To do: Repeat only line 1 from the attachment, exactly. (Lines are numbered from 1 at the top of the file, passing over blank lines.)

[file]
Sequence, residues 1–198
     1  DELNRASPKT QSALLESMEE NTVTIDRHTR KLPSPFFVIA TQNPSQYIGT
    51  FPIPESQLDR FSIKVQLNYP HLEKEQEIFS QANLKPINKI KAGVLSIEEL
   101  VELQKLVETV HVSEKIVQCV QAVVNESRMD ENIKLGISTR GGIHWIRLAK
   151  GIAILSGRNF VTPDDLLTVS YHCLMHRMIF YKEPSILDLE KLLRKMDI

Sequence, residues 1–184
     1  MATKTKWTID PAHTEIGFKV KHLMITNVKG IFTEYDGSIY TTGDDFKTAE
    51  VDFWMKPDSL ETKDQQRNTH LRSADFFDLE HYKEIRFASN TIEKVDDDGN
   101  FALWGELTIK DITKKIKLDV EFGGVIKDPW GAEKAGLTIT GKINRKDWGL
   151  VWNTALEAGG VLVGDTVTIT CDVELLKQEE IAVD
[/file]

Sequence, residues 1–198